I will conclude with some remarks in regard to the Civil Engagement group and our work. I am incredibly proud of the group, the members of which came together as newly elected Senators. Not one of us had served previously. We made an ambitious decision to try to do things a little bit differently and to try to work together as five Independents and one Green Party member. Each of us has brought different life experience but common passion in terms of civil society and the vision that we have for society. We have sought to support each other. I have learned immense amounts from my colleagues, including a philosophical perspective from Senator Dolan. I was proud to work with the former Senator, Grace O'Sullivan, on marine issues such as microbeads and on vacant sites and with Senator Kelleher on the issues affecting the most marginalised groups in society, including those seeking reunification, migrants and the Traveller groups. She has placed those issues at the centre, not just as matters that should not be forgotten but rather matters that must be recognised at the centre of a collective State and a State for all. Senator Ruane and I have so often backed and worked with each other on different issues. It has been brilliant to do the detective work on legislation with her from the point of view of who benefits, who is being served, could it serve better and what could happen that would make a change. Some of the little changes that we, collectively, have made to legislation will matter in the lived experience of people across Ireland.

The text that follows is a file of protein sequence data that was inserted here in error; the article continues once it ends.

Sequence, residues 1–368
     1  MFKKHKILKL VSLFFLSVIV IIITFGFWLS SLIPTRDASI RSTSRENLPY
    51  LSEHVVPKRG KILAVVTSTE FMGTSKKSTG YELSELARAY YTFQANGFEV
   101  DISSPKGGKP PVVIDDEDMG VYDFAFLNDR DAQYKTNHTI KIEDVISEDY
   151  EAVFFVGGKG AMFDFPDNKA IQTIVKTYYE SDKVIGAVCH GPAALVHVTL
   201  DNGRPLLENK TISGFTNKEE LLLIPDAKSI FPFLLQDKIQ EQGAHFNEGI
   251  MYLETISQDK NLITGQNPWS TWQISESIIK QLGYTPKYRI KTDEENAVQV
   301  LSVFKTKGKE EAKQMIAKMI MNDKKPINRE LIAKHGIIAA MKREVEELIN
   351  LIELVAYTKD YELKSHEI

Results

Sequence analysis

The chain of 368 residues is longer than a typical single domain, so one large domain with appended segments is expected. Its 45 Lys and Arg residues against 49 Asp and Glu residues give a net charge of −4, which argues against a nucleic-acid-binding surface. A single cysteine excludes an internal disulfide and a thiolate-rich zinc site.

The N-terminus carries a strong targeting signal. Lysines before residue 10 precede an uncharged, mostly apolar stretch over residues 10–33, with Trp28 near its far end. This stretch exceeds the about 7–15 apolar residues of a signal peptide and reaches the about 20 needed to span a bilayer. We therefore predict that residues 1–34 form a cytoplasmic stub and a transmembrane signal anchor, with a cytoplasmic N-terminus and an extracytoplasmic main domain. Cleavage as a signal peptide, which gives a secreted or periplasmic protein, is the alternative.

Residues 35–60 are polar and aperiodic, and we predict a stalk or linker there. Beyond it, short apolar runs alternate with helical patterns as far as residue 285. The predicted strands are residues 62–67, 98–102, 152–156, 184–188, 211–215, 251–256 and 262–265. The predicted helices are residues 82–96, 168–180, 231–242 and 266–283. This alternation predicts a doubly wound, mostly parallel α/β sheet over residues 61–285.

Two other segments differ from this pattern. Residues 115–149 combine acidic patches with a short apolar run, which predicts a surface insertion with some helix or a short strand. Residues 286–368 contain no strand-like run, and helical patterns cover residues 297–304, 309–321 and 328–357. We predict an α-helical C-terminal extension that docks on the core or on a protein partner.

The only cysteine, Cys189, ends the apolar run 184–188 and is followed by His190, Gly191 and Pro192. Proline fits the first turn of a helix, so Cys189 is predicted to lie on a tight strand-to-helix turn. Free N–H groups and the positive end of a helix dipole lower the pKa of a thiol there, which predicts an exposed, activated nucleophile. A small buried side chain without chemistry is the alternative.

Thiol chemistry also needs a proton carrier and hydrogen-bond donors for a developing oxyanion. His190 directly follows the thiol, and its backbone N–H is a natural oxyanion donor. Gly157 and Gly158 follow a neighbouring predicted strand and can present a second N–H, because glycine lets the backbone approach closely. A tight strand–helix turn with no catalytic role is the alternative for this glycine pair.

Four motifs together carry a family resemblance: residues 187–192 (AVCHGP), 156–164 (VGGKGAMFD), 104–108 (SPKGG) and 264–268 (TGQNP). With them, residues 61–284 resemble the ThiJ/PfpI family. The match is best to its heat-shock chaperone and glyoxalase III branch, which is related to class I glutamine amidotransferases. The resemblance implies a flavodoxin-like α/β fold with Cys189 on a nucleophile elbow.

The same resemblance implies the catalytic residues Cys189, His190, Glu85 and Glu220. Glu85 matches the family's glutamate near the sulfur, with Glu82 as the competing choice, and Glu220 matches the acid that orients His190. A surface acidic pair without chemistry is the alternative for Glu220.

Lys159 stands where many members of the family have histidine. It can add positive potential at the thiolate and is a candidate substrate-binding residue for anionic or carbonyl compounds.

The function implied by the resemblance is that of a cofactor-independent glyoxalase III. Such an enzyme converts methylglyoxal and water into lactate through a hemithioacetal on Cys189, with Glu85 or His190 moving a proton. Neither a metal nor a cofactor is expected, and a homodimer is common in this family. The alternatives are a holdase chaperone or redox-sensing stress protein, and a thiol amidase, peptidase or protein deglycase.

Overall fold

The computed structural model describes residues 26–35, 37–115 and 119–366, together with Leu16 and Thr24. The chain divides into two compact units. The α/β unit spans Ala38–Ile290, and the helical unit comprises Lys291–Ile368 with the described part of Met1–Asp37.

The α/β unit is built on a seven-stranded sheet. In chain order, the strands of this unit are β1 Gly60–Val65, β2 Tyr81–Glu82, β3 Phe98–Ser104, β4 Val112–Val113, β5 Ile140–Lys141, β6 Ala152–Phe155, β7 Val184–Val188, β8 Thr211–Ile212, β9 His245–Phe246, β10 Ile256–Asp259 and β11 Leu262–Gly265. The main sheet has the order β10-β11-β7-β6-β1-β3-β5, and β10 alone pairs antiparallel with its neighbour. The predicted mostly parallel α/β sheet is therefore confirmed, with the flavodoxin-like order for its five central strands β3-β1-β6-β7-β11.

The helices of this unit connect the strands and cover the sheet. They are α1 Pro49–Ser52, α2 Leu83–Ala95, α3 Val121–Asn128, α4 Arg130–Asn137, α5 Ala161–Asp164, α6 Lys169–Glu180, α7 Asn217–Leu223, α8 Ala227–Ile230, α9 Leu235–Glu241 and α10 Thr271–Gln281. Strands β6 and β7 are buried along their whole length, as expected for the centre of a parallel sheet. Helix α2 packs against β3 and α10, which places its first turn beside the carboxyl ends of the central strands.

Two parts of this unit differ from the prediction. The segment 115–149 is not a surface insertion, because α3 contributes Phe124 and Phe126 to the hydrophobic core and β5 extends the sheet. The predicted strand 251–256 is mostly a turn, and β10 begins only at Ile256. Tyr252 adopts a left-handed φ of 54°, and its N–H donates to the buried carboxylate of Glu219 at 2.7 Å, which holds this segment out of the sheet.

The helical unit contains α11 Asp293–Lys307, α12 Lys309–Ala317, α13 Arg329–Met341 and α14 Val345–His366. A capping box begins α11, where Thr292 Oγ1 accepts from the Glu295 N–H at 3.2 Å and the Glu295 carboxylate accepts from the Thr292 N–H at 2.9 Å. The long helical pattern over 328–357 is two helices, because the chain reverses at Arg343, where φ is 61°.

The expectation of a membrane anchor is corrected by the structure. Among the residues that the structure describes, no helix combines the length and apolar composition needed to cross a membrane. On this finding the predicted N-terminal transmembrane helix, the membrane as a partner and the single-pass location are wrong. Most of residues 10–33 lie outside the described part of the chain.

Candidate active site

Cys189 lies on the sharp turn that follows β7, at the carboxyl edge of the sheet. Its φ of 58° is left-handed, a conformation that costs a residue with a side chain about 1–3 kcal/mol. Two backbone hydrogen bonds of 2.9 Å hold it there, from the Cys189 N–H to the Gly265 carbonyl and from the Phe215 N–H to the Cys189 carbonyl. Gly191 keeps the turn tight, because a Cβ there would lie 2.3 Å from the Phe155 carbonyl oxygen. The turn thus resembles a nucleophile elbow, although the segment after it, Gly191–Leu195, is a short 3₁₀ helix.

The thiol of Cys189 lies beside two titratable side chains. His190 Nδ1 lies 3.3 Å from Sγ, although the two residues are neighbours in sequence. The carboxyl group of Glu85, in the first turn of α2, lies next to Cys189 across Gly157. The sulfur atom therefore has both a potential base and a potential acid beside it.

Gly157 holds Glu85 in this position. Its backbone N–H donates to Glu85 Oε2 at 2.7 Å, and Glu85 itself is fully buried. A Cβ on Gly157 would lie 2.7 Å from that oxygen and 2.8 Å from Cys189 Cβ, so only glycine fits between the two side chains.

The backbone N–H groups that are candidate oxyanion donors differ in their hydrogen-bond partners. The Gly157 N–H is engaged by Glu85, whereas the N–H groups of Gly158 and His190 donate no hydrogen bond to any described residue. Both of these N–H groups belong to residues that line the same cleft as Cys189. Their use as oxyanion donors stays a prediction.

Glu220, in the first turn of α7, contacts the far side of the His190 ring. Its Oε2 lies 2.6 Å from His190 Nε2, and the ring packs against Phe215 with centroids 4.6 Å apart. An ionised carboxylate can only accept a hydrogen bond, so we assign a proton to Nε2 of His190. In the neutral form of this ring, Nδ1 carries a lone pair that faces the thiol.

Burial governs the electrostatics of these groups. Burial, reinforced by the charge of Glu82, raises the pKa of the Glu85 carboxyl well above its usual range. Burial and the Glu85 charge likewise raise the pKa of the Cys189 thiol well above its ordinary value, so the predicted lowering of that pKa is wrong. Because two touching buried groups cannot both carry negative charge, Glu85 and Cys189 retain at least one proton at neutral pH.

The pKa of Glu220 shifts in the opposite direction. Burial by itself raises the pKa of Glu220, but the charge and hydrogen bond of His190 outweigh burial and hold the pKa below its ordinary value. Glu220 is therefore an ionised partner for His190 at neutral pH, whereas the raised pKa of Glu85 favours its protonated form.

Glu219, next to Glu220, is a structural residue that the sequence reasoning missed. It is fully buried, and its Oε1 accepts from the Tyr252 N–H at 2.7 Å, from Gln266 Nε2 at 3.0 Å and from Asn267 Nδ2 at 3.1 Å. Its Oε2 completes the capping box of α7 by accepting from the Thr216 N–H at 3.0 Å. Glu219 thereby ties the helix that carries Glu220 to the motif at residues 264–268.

I am thankful and proud to have had the opportunity to serve in this Seanad. I will run again on the NUI panel and I hope that I will be returned to this House. The Control of Economic Activity (Occupied Territories Bill) is an international model now, which I hope will become law in the next Oireachtas but will happen in other parts of the world because legislatures internationally are looking to that model. I could list all of the Civil Engagement group Bills.They included the Community Participation (Disability) (Miscellaneous Provisions) Bill 2019, the Electoral (Civil Society Freedom) (Amendment) Bill 2019, the Public Authorities and Utility Undertakings (Contract Preparation and Award Criteria) Bill 2019, Senator Fintan Warfield's Prohibition of Conversion Therapies Bill 2018, the Control of Economic Activity (Occupied Territories) Bill 2018, the International Protection (Family Reunification) (Amendment) Bill 2017, the Controlled Drugs and Harm Reduction Bill 2017, the Derelict and Vacant Sites Bill 2017, amendments to the Microbeads (Prohibition) Bill 2019, the Seanad Bill 2016, which we sponsored on our very first day in the Seanad and which aimed to deliver Seanad reform, and the Adult Safeguarding Bill 2017. There has been a huge amount of work. I hope we can take it forward, and if not, I hope that others in this Chamber will take it forward in the future. I would like to finish by thanking my staff again, my friends and my family for their love, wisdom and support. I thank my partner in life, Mr. Ken Dempsey. I have learned a lot from all of those mentioned. I hope I will get the opportunity to work with them again, either in this Chamber or in the wider process of social transformation in the decade ahead.